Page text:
Reunion albums are a tough sell. On the one hand, who doesn’t love the idea of new music from a beloved band? But on the other hand, and this part mostly pertains to reunited bands whose legacies have already been cemented in music history, new material has a lot to live up to and runs the risk of “tainting” a band’s past work. From the get-go, even the concept of a reunion album is stuck between a rock and a hard place. Fortunately for Belvedere, as well as their fans, that’s not the case. The band’s fifth album, appropriately titled Revenge of the Fifth, and first record in twelve years, easily fits in with the rest of the band’s discography.
For those living under a rock, Belvedere reunited for a string of shows in 2012 and have continued ever since. It seems as taking a few years playing the old stuff has helped immensely when it came time to recording a new album, because now they’re at a point when it’s less of a reunion album and more the next logical step for an active band to take. Revenge of the Fifth, picks up right where 2004’s Fast Forward Eats the Tape left off without missing a beat. Literally: it sounds as if Belvedere never broke up in the first place. Whether that’s a good or a bad thing largely depends on how much you enjoy the band’s first four LPs.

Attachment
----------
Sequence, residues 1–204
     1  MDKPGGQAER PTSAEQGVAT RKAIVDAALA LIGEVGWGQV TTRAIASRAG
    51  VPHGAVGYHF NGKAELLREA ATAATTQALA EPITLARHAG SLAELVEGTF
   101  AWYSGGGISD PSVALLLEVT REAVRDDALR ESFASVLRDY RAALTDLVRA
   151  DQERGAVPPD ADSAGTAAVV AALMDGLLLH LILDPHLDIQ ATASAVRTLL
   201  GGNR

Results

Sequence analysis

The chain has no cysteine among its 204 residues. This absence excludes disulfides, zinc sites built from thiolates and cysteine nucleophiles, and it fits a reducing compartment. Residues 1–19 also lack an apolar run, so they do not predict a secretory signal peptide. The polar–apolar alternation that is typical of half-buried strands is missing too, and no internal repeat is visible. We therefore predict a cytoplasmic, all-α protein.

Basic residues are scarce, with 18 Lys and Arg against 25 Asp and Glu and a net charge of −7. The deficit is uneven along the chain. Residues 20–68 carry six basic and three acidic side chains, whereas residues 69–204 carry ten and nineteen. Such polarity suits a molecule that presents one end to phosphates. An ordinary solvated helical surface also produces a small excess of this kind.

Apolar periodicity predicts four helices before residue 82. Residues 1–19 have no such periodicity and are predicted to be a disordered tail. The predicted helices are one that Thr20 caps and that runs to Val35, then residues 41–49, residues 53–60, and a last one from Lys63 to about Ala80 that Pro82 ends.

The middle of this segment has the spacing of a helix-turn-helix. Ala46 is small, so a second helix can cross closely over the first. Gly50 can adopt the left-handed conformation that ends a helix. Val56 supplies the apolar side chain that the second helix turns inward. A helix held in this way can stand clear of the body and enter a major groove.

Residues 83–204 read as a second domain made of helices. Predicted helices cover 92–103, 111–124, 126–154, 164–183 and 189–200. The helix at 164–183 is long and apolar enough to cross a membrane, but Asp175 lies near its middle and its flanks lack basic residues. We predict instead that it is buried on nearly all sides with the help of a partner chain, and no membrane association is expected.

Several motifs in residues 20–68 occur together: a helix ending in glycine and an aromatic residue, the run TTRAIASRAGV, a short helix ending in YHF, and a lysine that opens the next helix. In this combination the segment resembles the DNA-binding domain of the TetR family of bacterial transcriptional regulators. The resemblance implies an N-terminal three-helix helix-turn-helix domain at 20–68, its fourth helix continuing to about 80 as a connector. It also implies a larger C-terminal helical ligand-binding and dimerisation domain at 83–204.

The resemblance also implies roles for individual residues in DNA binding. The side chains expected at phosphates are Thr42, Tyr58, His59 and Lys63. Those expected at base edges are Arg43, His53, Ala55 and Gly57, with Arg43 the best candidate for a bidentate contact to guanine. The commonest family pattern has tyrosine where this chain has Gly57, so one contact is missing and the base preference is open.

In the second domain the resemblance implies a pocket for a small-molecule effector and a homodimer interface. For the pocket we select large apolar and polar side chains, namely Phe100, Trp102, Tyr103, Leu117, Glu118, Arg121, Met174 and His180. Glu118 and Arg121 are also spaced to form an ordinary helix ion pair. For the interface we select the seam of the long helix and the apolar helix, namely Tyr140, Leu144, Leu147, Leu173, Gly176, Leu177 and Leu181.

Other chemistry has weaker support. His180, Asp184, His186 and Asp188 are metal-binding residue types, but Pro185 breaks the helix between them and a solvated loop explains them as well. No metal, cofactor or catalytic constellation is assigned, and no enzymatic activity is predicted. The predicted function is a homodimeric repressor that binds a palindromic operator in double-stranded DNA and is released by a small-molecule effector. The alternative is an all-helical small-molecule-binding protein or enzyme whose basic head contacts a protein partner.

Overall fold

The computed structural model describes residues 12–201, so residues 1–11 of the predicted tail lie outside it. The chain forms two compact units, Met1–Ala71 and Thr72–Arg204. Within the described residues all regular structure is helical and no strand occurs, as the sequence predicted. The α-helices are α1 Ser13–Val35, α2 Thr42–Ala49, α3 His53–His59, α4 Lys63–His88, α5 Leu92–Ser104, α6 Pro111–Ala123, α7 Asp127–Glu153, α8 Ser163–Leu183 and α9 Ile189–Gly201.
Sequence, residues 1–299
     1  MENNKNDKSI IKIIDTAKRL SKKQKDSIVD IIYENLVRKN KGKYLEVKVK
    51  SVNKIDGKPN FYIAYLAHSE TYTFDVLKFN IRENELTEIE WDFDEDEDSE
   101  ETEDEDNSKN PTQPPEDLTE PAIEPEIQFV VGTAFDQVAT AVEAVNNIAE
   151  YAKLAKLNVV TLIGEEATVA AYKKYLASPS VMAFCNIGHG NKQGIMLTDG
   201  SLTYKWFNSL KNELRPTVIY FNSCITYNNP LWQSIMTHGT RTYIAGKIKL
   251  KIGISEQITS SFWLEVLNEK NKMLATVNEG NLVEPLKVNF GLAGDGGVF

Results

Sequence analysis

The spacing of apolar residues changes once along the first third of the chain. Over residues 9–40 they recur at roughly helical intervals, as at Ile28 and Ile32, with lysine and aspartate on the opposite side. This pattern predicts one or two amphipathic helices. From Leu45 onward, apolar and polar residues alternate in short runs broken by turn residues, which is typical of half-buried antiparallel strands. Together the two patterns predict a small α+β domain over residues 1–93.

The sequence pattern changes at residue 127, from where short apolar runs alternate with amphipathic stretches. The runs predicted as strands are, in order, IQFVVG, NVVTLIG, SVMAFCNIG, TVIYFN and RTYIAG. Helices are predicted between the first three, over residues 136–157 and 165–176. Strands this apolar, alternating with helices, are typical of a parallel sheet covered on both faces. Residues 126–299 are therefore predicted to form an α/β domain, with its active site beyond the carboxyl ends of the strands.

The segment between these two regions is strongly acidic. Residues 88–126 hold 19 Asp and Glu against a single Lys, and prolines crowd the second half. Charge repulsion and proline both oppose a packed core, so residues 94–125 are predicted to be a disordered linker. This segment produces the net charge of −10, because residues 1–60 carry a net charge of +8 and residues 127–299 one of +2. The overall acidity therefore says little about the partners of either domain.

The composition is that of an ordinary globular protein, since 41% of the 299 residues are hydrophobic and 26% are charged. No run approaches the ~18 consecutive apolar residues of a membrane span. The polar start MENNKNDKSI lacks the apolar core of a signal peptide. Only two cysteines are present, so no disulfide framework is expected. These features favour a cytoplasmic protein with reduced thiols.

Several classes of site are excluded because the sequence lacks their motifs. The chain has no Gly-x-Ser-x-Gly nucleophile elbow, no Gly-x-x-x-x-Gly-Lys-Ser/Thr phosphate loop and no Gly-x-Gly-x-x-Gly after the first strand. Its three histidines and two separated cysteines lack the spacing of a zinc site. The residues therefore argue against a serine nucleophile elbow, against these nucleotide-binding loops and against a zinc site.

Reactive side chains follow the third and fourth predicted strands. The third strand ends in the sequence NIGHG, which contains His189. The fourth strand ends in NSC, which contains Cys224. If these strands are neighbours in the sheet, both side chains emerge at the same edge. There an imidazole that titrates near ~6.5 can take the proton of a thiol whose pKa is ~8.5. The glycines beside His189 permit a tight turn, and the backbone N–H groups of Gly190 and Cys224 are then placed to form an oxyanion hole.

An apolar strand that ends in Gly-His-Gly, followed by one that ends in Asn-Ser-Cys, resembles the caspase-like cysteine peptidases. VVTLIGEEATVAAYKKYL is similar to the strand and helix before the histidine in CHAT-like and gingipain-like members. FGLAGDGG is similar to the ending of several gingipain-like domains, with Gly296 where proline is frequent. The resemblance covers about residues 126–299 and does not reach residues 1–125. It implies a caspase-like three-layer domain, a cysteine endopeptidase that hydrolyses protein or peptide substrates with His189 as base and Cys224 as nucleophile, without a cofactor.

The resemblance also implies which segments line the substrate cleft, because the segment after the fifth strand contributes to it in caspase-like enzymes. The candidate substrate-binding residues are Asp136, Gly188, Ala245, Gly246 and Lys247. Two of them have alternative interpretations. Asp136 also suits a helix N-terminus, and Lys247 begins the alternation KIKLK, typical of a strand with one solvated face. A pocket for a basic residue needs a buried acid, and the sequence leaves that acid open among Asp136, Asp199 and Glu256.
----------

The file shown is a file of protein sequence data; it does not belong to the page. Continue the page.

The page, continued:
Skate punk’s greatest strength is also its greatest weakness: it’s a genre that doesn’t want or need to change. The shouted vocals, the harmonized choruses, the shredding guitars, and the pounding drums are always there for listeners when they need them, whether to act as a soundtrack to a bored day in the suburbs or as an escape for the hellish reality that is high school. In true skate punk tradition, Belvedere doesn’t break from this mold at any point during Revenge of the Fifth– there’s just no need and to do so would mess with the formula. You could tell an unsuspecting youngster that only a year or two had passed between the releases of Fast Forward and Revenge of the Fifth and they’d believe you.
Anyone who can remember the band’s earliest days, or those who joined the party during the band’s downtime will be happy to hear these new tunes. They blaze through energetic song after energetic song, much like everything they’ve ever done. Revenge of the Fifth is a fine album, but it’s also one you’ve heard before.
3 / 5
RIYL: NOFX, Bigwig, Mute